Female Red-winged Blackbird (Agelaius phoeniceus)

Until now, all of my sightings have been of the male.

The Red-winged Blackbird (Agelaius phoeniceus) is a common sight in the Charles H. Rogers Wildlife Refuge in Princeton. I see at least five individuals each time I visit. However, until now, all of my sightings have been of the male.

The common name for Agelaius phoeniceus refers to the distinctive orange-red badge on the wings that is a stark contrast to the deep black of the bird’s body. But the females of this species are typically brown and streaked, blending well with their marshland habitat. They exhibit cautious behaviour, often staying close to dense vegetation for cover while foraging for insects, seeds, and small aquatic creatures. They are so well hidden when they forage among the reeds in the marsh, that the female bird had gone unnoticed by me.

Male Red-winged Blackbird (Agelaius phoeniceus)
Red-winged Blackbird (Agelaius phoeniceus) · 16 April 2024 · FujiFilm X-T3 · XF150-600mmF5.6-8 R LM OIS WR

The focal point of the Charles H. Rogers Wildlife Refuge is its open marsh, sustained by natural water drainage and supplemented during dry periods with water pumped from Stony Brook. During summer, the marsh blooms with arrowhead, pickerel weed, and pond lilies. Along the walks, a mix of swamp milkweed, boneset, joe-pigweed, and ironweed creates a mauve and purple colour palette. In autumn, red osier dogwood, elderberries, rose hips, and cattails' tall brown spikes add to the landscape.

Female Red-winged Blackbird (Agelaius phoeniceus) gathering nesting material.
Red-winged Blackbird (Agelaius phoeniceus) · 16 April 2024 · FujiFilm X-T3 · XF150-600mmF5.6-8 R LM OIS WR

During the nesting season, which typically starts in late spring, female Red-winged Blackbirds build cup-shaped nests low in marsh vegetation. These nests are constructed using grasses, reeds, and other plant materials woven together. Two observation towers offer expansive views of the marsh's main body. I usually visit the refuge in the early morning. With the sun rising from the east I usually visit the Eastern observation platform so I can point the camera west; not directly into the sun.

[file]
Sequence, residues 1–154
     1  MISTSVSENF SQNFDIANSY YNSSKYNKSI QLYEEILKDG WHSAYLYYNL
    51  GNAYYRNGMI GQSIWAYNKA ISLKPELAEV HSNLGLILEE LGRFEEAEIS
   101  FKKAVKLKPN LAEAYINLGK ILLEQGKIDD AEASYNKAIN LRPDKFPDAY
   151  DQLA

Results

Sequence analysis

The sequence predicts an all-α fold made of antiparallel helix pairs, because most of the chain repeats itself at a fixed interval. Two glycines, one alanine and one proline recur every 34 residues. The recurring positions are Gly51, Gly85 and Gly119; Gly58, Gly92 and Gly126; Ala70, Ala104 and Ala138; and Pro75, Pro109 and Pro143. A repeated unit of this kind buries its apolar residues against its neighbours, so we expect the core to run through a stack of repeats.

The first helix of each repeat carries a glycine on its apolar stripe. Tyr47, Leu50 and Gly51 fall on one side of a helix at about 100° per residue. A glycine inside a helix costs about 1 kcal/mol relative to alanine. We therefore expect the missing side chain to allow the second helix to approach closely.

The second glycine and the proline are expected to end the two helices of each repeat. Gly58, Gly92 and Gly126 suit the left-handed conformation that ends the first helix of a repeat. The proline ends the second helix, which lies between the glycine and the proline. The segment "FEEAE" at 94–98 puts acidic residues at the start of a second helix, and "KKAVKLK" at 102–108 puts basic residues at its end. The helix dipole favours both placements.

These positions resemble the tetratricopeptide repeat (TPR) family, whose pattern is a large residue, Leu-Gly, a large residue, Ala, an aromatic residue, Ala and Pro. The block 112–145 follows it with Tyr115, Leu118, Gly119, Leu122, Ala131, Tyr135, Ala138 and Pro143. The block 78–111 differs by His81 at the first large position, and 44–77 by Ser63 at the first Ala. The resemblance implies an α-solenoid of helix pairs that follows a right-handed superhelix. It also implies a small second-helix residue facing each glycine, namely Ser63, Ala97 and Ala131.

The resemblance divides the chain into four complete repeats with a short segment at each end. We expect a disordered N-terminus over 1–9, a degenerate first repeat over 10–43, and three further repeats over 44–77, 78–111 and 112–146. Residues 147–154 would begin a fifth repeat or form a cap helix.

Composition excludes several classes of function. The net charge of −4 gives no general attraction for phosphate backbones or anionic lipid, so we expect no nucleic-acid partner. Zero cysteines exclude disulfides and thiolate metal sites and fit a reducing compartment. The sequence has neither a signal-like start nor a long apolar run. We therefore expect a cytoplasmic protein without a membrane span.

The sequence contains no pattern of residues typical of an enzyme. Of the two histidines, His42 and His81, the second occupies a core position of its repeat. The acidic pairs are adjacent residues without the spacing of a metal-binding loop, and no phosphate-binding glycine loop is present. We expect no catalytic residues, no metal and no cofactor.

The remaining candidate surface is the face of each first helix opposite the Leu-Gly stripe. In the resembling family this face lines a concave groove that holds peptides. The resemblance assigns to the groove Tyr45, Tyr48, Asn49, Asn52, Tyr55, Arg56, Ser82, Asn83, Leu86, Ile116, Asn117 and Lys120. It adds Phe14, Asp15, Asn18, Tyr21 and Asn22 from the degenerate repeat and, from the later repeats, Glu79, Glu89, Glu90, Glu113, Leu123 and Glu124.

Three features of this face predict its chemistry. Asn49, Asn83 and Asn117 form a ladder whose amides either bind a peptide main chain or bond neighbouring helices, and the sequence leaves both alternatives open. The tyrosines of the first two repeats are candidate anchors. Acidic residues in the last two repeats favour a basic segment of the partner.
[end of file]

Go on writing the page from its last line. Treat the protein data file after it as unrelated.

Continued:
I think the thing that keeps me hopeful that the world around me is not going to complete shit is how being nature makes me feel. Seeing the bird wildlife in my backyard provokes a deep sense of well-being that helps my psychological health. My senses are heightened as I move into a state of flow where my thoughts and actions focus on spotting, watching, identifying, photographing, and appreciating the wildlife around me. No matter what might be going on in my life, no matter how anxious I’m feeling, when I go out into nature, I always feel refreshed.

Chipping sparrow (Spizella passerina)

They love my backyard.

My daily early morning visits to Charles H. Rogers Wildlife Refuge mean I get less sleep and admittedly, I do feel tired. I'm up earlier so I can walk around the refuge while the birds are out foraging for food. Sometimes I come back empty-handed. When lunchtime comes around, I sit in the backyard with the camera nearby, hopeful that I will get a photograph.

This spring, Chipping Sparrows have been very active and vocal in the backyard, especially near the edges and clearings of the woods. Males sing a series of rapid, dry chips to establish territories and attract mates. They are frequently seen foraging on the ground or in low shrubs at the fence line, searching for seeds and insects.

The Chipping Sparrow (Spizella passerina) is a small, slender bird with distinct colouration, especially noticeable in the spring. Adult Chipping Sparrows have a bright rusty-red cap, a striking black line through the eye, and a white eyebrow stripe. Their upper parts are streaked brown, while the underparts are a plain greyish-white.

Chipping Sparrow (Spizella passerina) in juniper tree
Chipping Sparrow (Spizella passerina) · 15 April 2024 · FujiFilm X-T3 · XF150-600mmF5.6-8 R LM OIS WR

Red-bellied Woodpecker (Melanerpes carolinus)

I like the red cap.

Scientists are beginning to find evidence that being in nature has a profound impact on our brains and our behaviour, helping us to reduce anxiety, brooding, and stress, and increase our attention capacity, creativity, and our ability to connect with other people. Sitting in my backyard watching the antics of the woodpecker, feeling the sunlight on my skin, makes me feel happy and hopeful.

The Red-bellied Woodpecker (Melanerpes carolinus) is a medium-sized woodpecker. The bird's upperparts are mostly black with white barring on the wings, while the lower back, rump, and belly are a pale red, although the red on the belly is often difficult to see. The head features a distinctive red cap on males, while females have a smaller red patch or no red at all. I think a better name could have been red-capped woodpecker.

I see the Red-bellied Woodpeckers all around town, including the nearby deciduous forests, mixed woodlands, and parks. They are omnivorous, feeding on insects, spiders, fruits, nuts, and seeds. Their strong bills and long tongues allow them to extract insects from tree bark and probe into crevices for food.

From my backyard I can sometimes hear the woodpeckers drumming and tapping sounds, which they use for communication, marking territories, and foraging for food.

Red-bellied Woodpecker (Melanerpes carolinus) · 15 April 2024 · FujiFilm X-T3 · XF150-600mmF5.6-8 R LM OIS WR